Most of B.C.’s LGBTQ teens experience safer environments and fewer health risks than previous generations, but more work is still needed to get them to where their straight peers are, according to a new report by UBC’s Stigma and Resilience Among Vulnerable Youth Centre (SARAVYC) and the McCreary Centre Society.
The report used data from the B.C. Adolescent Health Survey from 2008, 2013 and 2018, each of which sampled around 30,000 students in grades 8-12 across the province.
Improving trends for LGBTQ youth
McCreary executive director and report lead author Dr. Annie Smith (she/her) says a key health risk has improved for LGBTQ youth: the proportion of lesbian girls who reported physical bullying dropped by more than half over the past 10 years, and physical assaults were lower for bisexual boys and girls. In addition:
- Lesbian, gay and bisexual youth (LGB) were less likely to attempt suicide in 2018 than they were in 2008, narrowing the gap, although they were still more likely to consider or attempt suicide than their straight peers.
- Gaps also narrowed between LGB and straight youth in getting pregnant or causing a pregnancy, in sexually transmitted infections, running away from home or recent cannabis use.
- Lesbian, gay and bisexual youth were more likely to be involved in art, music and drama extracurriculars than their straight peers.
McCreary and SARAVYC first documented health trends for lesbian, gay and bisexual young people in B.C. in a report in 2007, with data from 1992 through 2003. The current study updates those trends.
“In that first study, we showed that the health gaps between LGBTQ youth and their straight peers were linked to stigma and discrimination, with higher rates of bullying and abuse, and lower levels of family and school connectedness,” said Dr. Smith, who is also an adjunct professor with UBC’s school of nursing. “Now, 15 years later, we’re seeing progress in narrowing those health gaps, but there’s still more work needed.”
Significant gaps remain
Senior author Dr. Elizabeth Saewyc (she/her) thinks changes in B.C. human rights laws, and recent school district policies and programs to support LGBTQ youth may have had a role in these positive trends.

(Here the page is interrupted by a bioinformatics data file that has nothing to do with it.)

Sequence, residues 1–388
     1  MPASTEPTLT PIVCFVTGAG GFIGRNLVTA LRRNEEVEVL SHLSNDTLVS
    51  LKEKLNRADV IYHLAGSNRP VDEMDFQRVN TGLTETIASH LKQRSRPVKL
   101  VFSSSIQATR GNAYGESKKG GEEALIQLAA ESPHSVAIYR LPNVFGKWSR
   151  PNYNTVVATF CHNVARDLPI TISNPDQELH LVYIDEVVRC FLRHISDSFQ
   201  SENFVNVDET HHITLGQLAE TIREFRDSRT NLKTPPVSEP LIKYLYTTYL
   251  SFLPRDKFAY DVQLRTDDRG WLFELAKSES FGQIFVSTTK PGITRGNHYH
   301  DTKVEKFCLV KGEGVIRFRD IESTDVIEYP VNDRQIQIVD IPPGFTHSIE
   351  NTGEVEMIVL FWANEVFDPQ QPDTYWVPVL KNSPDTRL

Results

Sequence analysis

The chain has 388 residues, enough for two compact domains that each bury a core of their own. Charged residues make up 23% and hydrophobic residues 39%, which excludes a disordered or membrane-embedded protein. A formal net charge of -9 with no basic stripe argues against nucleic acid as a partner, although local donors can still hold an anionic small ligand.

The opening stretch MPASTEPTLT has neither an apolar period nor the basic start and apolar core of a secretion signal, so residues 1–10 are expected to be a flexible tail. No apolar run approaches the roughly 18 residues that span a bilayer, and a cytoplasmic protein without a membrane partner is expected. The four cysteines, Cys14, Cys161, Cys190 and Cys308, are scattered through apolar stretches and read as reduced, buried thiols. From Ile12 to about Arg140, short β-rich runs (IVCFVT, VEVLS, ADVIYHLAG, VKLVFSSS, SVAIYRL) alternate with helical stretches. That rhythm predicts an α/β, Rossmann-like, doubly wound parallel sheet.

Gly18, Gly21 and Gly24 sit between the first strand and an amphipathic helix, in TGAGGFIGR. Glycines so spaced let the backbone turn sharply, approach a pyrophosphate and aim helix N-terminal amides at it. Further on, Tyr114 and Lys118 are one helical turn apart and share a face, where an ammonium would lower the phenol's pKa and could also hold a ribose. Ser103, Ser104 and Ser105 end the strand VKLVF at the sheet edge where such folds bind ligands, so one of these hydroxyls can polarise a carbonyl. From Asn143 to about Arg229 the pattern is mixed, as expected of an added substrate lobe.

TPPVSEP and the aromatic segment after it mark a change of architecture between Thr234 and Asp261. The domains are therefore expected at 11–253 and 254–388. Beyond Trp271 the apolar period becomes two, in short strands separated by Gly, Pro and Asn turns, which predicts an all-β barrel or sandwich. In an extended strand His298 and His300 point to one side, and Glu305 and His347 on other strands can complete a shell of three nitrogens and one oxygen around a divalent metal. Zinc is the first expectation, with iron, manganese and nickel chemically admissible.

“However, stigma and discrimination take time to change,” said Dr. Saewyc, who is a UBC professor of nursing, executive director of SARAVYC and research director for the McCreary Centre Society. “Although the picture looks a lot better for lesbian, gay and bisexual young people than 15 and 30 years ago, their lives are still not equal.”
The report showed that sexual minority youth are still more likely to report unsafe home environments and to experience violence or abuse than straight youth. They are also more likely to miss out on needed health care.
LGBTQ youth also reported less positive physical and mental health than their same gender straight peers. For example, only 43 per cent of mostly straight girls, 28 per cent of bisexual, 33 per cent of lesbian, and 56 per cent of questioning girls reported good or excellent mental health, compared to 71 per cent of straight girls.
Inclusion and support matters
As has been found consistently over the past decades, sexual minority young people reported a more positive health picture and plans for the future when they had supportive adults in their family, school and community.
“All young people benefit from caring families, safe and supportive schools, and caring adults in their community,” noted Dr. Saewyc. “If we can keep focusing on inclusion and support across B.C., the lives and health of LGBTQ young people will continue to get better.”
The research report was funded by the Canadian Institutes of Health Research.
EDITORS: Click here to access the report and register for a webinar describing the findings.
Interview languages: English (Smith, Saewyc)
Quotes from study participants
“People need to be educated on LGBTQ related subjects, to help stop ignorance and discrimination.”
“I am gay and I think that schools should try to be a little more accepting or supportive of this.”
“I have a very good home life, but it feels very hard to talk to my parents about my issues. I am worried that by telling my homophobic father I’m gay, he will not accept me.”
“We aren’t taught enough in school [about LGBTQ+ issues] which can make it unsafe or unwelcoming for both students who have and haven’t come out. My peer’s lack of knowledge (or incorrect knowledge) makes school sometimes a very hostile environment for me and other queer students.”
“Teach more about mental and sexual health so many people know nothing and they need to teach to LGBT kids, not just hetero health.”
“There’s not really a place for us to go anywhere, I guess, if we needed to find a student that’s like us, I sometimes feel a little alone.”
“I would like to learn more about LGBTQ in classes so my peers could also learn & be more accepting.”
“You should do more for LGBTQA+ youth. I think people would benefit from more information about the community because we lack a lot of in life information and this can make kids feel isolated sometimes.”